Uber driver Jay Salazar was pretty nonplussed about the customer he gave a ride to on Thursday: Presidential candidate Jeb Bush.
For Salazar , a Democrat, Bush, a proud anti-regulation Republican, was simply the latest passenger to hail him through the controversial ride-sharing app.
While admitting he never had a presidential hopeful as a passenger before in the five months he’s been driving for Uber, Salazar also didn’t make any small talk or have any specific questions for Bush, who was speaking at Thumbtack, a talent-sourcing site.
One Uber driver, who was also a Democrat, took Bush to the event, where Bush tweeted out he "rode shotgun." Salazar took him back.
To be fair, it was hard to have a meaningful interview with Salazar. He was bombarded by the media as Bush exited his event, dozens of microphones and cameras were pointed into his Toyota.
Uber has become a political talking point this presidential campaign. While Bush boasted about his Uber ride, Democratic candidate Hillary Clinton more skeptical of Uber, specifically its worker protections, Mercury News columnist Michelle Quinn pointed out.
As Quinn wrote, many of the presidential candidates have taken to Uber as a campaign mantra. But the stunt has pros and cons.
"Holding up Uber as a model of American ingenuity is risky when the company is facing legal challenges over how it treats workers," Quinn wrote. "Likewise, knocking the sharing economy can make a candidate look out of step with the modern world.'
Not a topic of formal discussion at Bush’s speech was how Uber was fined $7.3 million Wednesday, after an administrative law judge ruled that Uber did not comply with state law and should be suspended from operating in California. Specifically, the judge found that Uber failed to provide required information to the California Public Utility Commission, such as disabled passenger access, the number of rides drivers have made and driver safety information.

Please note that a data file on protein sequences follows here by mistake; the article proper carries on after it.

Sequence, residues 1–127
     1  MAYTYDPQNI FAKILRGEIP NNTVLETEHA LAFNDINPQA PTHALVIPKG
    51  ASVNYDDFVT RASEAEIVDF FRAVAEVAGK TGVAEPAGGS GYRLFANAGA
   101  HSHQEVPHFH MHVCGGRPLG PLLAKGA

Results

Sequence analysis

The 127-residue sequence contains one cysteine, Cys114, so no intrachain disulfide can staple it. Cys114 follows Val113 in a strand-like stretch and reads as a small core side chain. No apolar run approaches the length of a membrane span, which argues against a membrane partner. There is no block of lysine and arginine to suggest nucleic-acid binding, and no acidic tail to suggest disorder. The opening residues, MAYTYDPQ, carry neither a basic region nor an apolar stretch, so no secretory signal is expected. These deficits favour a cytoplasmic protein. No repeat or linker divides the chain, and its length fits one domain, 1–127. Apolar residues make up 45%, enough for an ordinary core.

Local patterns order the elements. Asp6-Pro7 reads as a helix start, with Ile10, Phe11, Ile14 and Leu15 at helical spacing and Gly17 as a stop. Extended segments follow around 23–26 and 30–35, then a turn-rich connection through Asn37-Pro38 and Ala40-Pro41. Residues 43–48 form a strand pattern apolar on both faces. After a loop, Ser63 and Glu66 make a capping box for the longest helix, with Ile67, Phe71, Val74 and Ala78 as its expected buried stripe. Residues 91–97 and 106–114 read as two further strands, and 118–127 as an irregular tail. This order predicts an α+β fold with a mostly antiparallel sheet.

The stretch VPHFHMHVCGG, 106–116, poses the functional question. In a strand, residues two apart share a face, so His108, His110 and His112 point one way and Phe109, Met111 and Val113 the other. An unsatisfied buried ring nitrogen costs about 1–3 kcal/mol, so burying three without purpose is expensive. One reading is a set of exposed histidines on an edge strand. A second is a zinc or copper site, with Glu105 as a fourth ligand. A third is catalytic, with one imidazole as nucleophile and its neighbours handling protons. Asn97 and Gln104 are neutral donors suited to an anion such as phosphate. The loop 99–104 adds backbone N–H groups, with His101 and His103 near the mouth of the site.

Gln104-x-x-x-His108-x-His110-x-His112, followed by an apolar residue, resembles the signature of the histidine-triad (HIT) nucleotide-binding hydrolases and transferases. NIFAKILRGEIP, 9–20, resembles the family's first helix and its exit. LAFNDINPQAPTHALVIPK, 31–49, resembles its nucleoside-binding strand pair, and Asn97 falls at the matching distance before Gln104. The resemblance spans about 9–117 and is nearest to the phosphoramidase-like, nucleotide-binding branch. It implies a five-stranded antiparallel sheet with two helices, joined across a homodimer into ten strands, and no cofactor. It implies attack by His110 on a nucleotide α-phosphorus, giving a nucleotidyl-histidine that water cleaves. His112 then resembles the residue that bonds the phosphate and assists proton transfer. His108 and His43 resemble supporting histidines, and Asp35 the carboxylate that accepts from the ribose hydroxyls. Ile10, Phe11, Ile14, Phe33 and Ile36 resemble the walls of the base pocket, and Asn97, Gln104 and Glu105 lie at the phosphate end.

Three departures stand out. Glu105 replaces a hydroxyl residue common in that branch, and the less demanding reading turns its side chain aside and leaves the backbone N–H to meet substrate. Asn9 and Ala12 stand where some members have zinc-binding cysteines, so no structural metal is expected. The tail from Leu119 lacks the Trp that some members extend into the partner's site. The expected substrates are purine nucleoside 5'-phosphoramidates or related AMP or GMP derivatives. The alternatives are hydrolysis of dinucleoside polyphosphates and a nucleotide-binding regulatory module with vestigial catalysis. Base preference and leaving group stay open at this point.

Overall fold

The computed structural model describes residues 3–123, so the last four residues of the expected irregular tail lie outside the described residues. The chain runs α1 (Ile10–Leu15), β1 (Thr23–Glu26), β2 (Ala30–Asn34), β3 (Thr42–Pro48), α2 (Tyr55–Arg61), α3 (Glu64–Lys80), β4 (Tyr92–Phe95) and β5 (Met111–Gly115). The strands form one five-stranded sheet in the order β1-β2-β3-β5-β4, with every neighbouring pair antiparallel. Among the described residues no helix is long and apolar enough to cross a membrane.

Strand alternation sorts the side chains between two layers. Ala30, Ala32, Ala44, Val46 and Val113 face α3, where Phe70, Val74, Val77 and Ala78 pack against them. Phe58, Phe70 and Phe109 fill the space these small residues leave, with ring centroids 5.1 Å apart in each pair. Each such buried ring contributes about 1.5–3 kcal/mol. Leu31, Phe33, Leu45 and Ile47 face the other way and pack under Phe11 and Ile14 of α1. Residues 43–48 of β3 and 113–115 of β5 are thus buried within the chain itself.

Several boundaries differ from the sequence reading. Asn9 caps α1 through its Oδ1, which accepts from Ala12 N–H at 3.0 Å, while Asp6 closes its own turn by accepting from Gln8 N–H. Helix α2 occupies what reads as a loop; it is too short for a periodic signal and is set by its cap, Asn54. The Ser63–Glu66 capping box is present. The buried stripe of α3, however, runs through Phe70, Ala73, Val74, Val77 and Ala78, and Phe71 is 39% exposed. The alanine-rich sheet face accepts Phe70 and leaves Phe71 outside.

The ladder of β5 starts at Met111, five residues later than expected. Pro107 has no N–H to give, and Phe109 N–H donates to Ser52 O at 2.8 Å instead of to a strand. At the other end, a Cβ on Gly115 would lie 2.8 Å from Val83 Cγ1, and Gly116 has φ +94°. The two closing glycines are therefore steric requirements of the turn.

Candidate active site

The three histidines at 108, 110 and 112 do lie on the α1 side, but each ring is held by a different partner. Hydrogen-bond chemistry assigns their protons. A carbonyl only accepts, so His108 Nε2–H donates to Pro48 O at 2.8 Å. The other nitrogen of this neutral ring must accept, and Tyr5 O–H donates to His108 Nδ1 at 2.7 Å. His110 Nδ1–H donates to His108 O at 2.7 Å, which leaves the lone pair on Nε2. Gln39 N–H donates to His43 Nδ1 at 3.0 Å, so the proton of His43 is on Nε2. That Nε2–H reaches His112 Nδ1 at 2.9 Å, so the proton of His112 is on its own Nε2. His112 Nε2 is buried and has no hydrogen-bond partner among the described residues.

For its part, Uber vowed to appeal the ruling and had no comment on Bush’s Uber ride.
Bush did address the issue during a Q&A after the event, saying he had no concerns about the challenges and attacks against Uber and other like-minded companies.
He also tweeted out: "I don't mind disrupting the established order," posting a fuller - and his first - comment on LinkedIn. "We have to challenge the assumptions, regulations and laws that protect most of Washington from true digital disruption – and that means the liberal ideology which would squash so much innovation if it could," Bush wrote.
Bush added: "Big government liberals fundamentally can’t embrace digital innovation because it threatens the way they govern. They see car-sharing services as a threat to the local government taxi cab cartels. They see food trucks and Airbnb as a threat to urban planning and the tax and fee racket that they’ve imposed on brick and mortar restaurants and hotels. It’s no wonder that under President Obama, they’ve chosen to regulate the Internet using a law from the 1930s. Regulation is all they know and they’ve been using the same playbook for decades."
When asked if he minded that a Democrat drove him to his event, Bush shrugged his shoulders and said, “I’m in San Francisco. Republican registration is like 8 percent.”